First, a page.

Not everyone in Central Indiana has access to a good job with family-sustaining wages. For many in Marion County the problem is transportation: an estimated 30,000 households do not have vehicles.
That’s almost three times as many homes without vehicles than all of the bordering counties combined.
Some of those residents may love taking the bus to work. Jimmy Smith doesn't like it at all.
“It does get frustrating, having to rely on city transportation,” Smith said. “When you can’t afford to have a car, gas to get there, insurance and stuff like that.”
His morning route started at 5 a.m., near his house. He transferred to a different bus downtown. That took him to his job on the southside of Indianapolis, still in Marion County.
When asked to describe this experience in a sentence: “A pain in the butt.” But that was his only way to get to work, at a job that didn’t also provide health care.
Thousands of Marion County residents without a vehicle rely on public transportation to get to work, and that also means they have to choose jobs based on that public transportation. Not all of them are “good jobs.”
While Indianapolis public transportation is expanding, there are still many gaps, and it stops at the Marion County line. It does not extend throughout bordering counties – and that is where Central Indiana has its fastest growing number of “good jobs.”
In the past, many of the region's middle class jobs were in manufacturing. But increases in efficiency and globalization shifted Indiana's labor market away from traditional factory jobs to sectors like advanced manufacturing and health care. Now a majority of Central Indiana's “good,” middle class jobs require some sort of post-secondary degree.
A good job provides health care. It has opportunities to learn new skills and grow in your career. It is more than a living hourly wage – in Indiana, it pays more than an estimated $40,000 a year.
Sarah Kalloch, executive director of the Good Jobs Institute, said without a good job, it is rare to be able to break the cycle of poverty.
“I think when people live in poverty, we often blame the person and not the system,” Kalloch said.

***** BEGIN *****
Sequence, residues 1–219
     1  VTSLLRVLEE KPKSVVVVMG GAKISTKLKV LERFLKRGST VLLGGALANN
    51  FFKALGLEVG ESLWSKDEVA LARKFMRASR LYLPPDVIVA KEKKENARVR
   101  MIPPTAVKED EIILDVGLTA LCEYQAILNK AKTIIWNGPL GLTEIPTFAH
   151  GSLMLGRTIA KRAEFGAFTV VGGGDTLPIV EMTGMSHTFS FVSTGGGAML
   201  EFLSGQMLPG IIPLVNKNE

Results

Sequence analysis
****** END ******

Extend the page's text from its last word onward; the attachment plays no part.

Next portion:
People without good jobs often have to work multiple jobs, which is difficult to manage. And many studies show that financial instability contributes to mental and physical health problems.
“You're thinking about all the bills you can't pay and how you're going to make sure everyone has enough to eat and make sure you're not evicted. And that has a significant impact on your ability to focus,” Kalloch said.
This is a growing problem in Indiana, where only around 40 percent of workers are in good jobs. That not only indicates they are in or near the cycle of poverty, it is also bad for the economy. And studies show that if more people aren’t connected to good jobs, the problem is likely to get worse.
In the last decade, there has been an increase in good jobs in and around Indianapolis. Many of these jobs are in advanced sectors, like health and technology.
The fastest growing sector of new good jobs are outside Marion County, not on the IndyGo bus lines.
A lack of transportation to a good job is part of the cycle of poverty. If someone can’t afford a car, it’s difficult for them to get a stable job with benefits that provides the opportunity to accrue the wealth necessary to buy one. Even after that initial purchase, expenses continue with factors like gas, insurance and maintenance.
Often that problem is compounded by education barriers. Of the number of new good jobs in and around Indianapolis, almost 75 percent of jobs in industries that pay well and provide benefits – and don't require a college degree – are in Indianapolis’ suburban counties.
That makes them inaccessible to Marion County residents who don't have their own transportation.
Public transit outside of Marion County is sparse, and inside Marion County there are still obstacles for people who need to commute to work: bus lines don’t go everywhere.
But there are active efforts to increase equitable access.
Officials with Indianapolis' public transportation agency, IndyGo, said recent transportation developments aim to bridge these gaps. For example, the Purple Line, a bus rapid transit route connecting Indianapolis and Lawrence, was planned to serve some of the city’s most disinvested neighborhoods on the Eastside.
IndyGo also partnered with local nonprofit Pathway Resource Center on a new micro-transit initiative called Driven to Success. For $2, residents of the city’s far eastside can schedule a 15-seat bus to pick them up at their door and take them anywhere within a 10-mile radius.
City-County Councilor La Keisha Jackson (D-14) is a leader for the Driven to Success project. She says many residents need these initiatives to access quality employment and other essential resources.
“Where they're lacking food access they can go to grocery stores or food pantries,” Jackson said. “They can go to their jobs, or if they need to go to an interview, or pick up job applications. Child care, health care, pharmacies, all those needs.”
Jackson said project leaders made sure to include large employers within the boundaries, like a Pepsi warehouse, an Amazon facility and Community East Hospital. She says she hopes this project will provide assistance to communities otherwise not getting their needs met through existing public transit.
IndyGo has previously proposed further expansions into Hamilton and Johnson counties, but they were denied. Black says right now, there are no plans to expand into bordering counties.
Contact WFYI economic equity reporter Sydney Dauphinais at email@example.com. Follow on Twitter: @syddauphinais.